For more than 140 years, the Fitzherbert Bridge across the Manawatū River has been a vital piece of infrastructure, helping to connect Palmerston North with the surrounding argicultural hinterland. These two engineering plans depict the original Fitzherbert Bridge and the second structure being proposed as a replacement. The first Fitzhebert Bridge was completed in August 1877 and remained in use until 1935. It was constructed from totara wood and was 251 meters in length with a four-meter-wide carriageway.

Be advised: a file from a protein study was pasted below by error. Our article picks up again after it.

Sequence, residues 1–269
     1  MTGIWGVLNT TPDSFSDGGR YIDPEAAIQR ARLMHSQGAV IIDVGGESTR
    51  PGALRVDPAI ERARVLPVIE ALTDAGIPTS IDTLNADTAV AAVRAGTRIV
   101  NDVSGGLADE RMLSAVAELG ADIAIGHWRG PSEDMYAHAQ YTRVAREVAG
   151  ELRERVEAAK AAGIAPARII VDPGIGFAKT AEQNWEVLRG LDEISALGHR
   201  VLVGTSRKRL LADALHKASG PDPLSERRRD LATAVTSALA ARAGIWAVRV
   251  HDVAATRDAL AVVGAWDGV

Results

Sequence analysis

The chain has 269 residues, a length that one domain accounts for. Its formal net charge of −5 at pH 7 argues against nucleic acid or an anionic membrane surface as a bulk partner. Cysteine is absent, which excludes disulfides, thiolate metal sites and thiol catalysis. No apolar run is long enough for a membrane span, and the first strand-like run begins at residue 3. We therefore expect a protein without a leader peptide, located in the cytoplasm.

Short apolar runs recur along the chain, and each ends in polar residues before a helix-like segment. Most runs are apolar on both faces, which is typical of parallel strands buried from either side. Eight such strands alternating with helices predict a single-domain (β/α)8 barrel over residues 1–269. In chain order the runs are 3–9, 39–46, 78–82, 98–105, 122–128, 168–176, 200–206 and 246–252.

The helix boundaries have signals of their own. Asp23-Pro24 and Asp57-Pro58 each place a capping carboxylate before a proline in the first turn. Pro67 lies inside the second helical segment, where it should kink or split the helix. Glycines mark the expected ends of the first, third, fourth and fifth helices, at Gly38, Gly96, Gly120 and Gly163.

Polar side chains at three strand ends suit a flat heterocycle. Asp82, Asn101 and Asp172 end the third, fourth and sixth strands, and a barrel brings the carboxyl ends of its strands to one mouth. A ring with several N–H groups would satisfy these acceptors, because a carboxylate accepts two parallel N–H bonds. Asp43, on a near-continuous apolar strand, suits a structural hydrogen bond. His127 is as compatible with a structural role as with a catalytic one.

During the 1920s the deterioration of the timber structure and an increase in motor traffic led to calls for a new bridge. In 1929 the Government Main Highways Board offered to pay two thirds of the cost, with the Palmerston North Borough Council and the Kairanga County Council jointly funding the remaining third. Plans and specifications were prepared by the Municipalities Engineering staff under the supervision of John R. Hughes, the City Engineer. The contract was awarded to Fletcher Construction Company Ltd., which constructed the bridge between 1933 and 1935. The new concrete bridge was 256 meters in length with a 6.7 meters wide carriageway and 1.5 meters wide footpath. The structure’s most distinctive feature were the four pairs of bowstring arches, each 34.1 meters wide and 9.2 meters high. The total cost of construction was £34,074. It was demolished in 1987, following the construction of the current Fitzherbert Bridge.